Considerations and Issues When Twinning NMTC with Other Incentives
Published by Michael Wong on Tuesday, February 6, 2024
Q: What considerations and issues should be examined when twinning the new markets tax credit (NMTC) with other incentives?
A: When developers contemplate a development using tax incentives, there are many options.
The most common community development tax incentives include NMTC, low-income housing tax credit (LIHTC), historic tax credit (HTC) and opportunity zones (OZ) incentive. Each has its unique emphasis and requirements. The NMTC incentive emphasizes nonresidential developments within low-income census tracts, the LIHTC incentive emphasizes affordable housing developments, the HTC incentive emphasizes rehabilitation of historic structures and the OZ incentive emphasizes community developments within qualified OZs. For projects that qualify for NMTC, a developer might also explore the ability to use the LIHTC, HTC and OZ incentives to maximize available resources.
Twinning NMTC and LIHTC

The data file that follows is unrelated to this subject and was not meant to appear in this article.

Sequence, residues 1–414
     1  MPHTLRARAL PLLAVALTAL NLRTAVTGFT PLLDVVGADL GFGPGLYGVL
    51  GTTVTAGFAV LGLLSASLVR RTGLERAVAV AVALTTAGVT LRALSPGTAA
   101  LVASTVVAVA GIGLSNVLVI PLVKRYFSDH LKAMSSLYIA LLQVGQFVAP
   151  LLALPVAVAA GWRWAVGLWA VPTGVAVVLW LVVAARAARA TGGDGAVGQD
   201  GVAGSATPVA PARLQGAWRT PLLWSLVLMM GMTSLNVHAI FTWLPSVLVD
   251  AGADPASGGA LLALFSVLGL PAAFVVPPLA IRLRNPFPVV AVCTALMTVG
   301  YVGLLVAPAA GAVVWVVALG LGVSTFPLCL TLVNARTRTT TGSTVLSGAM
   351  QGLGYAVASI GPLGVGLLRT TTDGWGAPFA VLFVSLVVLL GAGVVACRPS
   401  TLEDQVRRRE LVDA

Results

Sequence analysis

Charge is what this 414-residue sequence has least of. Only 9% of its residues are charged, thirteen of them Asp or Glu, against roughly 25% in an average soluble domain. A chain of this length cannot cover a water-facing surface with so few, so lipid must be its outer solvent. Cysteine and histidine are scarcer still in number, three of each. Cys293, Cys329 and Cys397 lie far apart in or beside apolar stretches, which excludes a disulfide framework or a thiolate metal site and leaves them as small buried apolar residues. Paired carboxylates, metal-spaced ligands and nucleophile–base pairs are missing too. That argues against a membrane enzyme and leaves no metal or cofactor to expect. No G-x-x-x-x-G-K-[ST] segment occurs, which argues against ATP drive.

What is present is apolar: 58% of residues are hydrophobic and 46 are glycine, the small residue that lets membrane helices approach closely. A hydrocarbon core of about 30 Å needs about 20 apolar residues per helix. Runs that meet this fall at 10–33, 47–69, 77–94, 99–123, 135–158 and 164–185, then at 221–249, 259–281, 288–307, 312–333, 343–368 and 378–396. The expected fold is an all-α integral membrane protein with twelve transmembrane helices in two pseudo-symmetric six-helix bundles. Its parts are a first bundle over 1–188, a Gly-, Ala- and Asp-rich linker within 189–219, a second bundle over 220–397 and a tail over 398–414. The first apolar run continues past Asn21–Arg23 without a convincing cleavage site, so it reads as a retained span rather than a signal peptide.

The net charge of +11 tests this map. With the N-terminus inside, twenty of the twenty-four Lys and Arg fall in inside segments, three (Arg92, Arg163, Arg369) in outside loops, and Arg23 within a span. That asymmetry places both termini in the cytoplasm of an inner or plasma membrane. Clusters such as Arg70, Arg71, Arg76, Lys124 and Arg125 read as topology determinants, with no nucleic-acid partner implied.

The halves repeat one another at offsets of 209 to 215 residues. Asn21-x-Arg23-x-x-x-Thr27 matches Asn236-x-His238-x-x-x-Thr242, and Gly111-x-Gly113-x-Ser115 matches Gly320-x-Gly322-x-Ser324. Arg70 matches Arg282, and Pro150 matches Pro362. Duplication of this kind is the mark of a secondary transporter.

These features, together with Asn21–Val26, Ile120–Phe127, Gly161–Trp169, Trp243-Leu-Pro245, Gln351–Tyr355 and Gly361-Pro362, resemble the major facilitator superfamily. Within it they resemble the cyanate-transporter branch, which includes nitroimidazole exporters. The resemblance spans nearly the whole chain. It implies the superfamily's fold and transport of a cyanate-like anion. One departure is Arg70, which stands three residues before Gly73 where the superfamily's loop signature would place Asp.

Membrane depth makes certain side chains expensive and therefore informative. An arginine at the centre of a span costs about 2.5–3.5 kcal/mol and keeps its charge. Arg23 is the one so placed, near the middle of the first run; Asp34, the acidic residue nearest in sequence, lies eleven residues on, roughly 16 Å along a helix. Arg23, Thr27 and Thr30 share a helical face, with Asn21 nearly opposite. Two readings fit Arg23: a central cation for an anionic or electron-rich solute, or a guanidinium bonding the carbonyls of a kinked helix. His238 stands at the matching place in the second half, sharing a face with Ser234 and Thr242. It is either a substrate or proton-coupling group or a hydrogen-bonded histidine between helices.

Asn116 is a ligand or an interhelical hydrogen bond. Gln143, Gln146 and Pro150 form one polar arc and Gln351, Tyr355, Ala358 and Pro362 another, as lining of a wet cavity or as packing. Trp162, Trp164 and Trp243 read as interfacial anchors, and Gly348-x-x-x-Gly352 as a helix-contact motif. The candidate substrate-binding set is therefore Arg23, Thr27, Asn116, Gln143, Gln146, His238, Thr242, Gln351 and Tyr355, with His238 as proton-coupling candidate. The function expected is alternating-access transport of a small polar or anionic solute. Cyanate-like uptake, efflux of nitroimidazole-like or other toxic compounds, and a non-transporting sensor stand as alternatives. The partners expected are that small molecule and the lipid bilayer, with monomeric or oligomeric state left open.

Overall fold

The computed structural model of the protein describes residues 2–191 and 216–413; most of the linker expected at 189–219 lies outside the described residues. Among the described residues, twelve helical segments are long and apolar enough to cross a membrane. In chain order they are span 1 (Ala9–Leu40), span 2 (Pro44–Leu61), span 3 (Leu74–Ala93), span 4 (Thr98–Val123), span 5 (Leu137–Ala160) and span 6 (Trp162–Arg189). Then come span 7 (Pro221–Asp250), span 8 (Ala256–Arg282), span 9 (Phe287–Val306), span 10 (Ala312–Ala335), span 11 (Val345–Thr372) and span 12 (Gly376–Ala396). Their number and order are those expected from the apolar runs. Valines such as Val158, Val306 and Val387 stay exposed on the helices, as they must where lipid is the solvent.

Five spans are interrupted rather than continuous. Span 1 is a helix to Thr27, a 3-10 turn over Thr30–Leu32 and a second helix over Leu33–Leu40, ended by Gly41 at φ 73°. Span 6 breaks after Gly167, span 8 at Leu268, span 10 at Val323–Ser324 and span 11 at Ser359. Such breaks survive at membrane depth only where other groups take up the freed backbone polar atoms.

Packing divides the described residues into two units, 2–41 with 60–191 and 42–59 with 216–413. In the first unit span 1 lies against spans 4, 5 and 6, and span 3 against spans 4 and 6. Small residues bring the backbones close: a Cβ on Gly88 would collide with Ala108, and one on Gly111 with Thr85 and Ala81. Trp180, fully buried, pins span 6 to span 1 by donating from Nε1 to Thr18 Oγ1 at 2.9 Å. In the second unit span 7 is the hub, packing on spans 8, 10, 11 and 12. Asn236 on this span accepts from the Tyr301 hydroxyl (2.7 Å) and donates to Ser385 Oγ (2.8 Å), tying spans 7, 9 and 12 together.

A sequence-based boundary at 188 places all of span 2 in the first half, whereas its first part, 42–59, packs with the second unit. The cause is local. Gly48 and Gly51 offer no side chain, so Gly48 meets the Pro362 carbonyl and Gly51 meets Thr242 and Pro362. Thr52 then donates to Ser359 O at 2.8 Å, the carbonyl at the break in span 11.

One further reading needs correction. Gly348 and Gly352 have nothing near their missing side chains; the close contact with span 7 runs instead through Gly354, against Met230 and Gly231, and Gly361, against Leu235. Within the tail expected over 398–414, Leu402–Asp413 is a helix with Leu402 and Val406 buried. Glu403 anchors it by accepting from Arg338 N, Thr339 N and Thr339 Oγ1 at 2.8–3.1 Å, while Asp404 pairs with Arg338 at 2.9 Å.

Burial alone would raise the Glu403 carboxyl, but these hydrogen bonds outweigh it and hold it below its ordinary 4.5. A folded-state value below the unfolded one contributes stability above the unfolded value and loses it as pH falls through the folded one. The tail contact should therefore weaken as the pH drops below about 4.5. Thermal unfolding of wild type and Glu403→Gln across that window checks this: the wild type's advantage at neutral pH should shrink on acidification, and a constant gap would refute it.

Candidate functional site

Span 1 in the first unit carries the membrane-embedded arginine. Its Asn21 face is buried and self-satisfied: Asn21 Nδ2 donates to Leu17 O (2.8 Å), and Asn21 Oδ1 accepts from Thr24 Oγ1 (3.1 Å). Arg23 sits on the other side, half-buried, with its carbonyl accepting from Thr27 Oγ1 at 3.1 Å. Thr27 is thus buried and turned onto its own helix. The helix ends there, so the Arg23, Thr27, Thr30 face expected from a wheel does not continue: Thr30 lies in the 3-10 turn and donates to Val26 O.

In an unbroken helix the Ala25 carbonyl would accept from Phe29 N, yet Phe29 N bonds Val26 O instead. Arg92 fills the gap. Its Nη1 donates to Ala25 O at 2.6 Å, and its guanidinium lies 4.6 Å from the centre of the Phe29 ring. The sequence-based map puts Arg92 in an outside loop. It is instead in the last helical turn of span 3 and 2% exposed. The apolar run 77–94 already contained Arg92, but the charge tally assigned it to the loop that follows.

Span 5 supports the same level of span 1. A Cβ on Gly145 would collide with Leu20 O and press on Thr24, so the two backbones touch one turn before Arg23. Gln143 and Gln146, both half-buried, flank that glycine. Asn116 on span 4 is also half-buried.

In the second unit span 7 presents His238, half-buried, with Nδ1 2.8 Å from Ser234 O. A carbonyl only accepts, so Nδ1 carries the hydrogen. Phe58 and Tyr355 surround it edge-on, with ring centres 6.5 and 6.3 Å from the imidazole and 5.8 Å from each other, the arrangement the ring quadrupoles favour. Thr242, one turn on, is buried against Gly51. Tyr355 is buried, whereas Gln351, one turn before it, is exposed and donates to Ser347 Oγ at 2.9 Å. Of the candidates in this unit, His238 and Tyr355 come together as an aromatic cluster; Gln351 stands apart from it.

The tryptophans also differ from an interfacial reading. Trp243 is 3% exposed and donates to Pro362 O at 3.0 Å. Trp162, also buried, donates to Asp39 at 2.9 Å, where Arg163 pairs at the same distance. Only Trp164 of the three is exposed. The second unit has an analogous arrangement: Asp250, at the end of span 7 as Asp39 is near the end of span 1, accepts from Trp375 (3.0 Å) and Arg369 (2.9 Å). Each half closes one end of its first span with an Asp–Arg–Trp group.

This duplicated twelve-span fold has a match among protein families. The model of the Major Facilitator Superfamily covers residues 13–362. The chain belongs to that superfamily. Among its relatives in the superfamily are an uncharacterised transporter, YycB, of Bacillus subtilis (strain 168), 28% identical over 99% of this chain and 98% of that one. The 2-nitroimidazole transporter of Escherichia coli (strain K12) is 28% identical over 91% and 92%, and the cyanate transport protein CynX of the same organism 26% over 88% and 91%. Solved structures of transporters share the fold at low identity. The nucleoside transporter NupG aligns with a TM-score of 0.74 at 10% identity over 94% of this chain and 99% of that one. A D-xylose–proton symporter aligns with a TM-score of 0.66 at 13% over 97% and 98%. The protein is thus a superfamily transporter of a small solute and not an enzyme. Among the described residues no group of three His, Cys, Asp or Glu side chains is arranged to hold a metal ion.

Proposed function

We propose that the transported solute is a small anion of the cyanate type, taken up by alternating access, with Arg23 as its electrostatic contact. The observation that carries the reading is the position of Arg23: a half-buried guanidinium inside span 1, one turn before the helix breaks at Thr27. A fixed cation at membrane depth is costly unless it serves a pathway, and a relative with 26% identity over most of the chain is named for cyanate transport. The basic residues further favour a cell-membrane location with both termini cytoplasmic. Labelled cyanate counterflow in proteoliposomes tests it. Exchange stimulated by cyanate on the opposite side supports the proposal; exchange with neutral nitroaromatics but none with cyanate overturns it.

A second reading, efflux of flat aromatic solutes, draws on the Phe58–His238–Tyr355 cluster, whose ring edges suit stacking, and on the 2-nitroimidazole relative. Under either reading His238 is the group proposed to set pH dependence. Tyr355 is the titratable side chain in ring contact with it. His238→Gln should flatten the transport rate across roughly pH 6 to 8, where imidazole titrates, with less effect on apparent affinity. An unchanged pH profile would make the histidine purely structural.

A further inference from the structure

If the project is a mixed-use development consisting of commercial spaces and affordable housing units, the developer might consider using the NMTC and LIHTC incentives. There are a couple of issues with that plan: first, project costs financed by LIHTC equity cannot be financed by the NMTC program simultaneously; and second, to qualify for NMTCs, the project must be a nonresidential property, but such classification would jeopardize the project’s qualification for LIHTCs. These factors make it impossible to structure projects wishing to use both the NMTC and LIHTC incentives in the same financing structure. Fortunately, a structure can be used that legally separates the commercial and affordable housing components of a building into two distinct ownership entities—a structure commonly referred to as the condominium structure. Under the condominium structure, the distinct ownership allows financing the commercial component of the project through the NMTC structure and the affordable housing component to be financed through the LIHTC structure.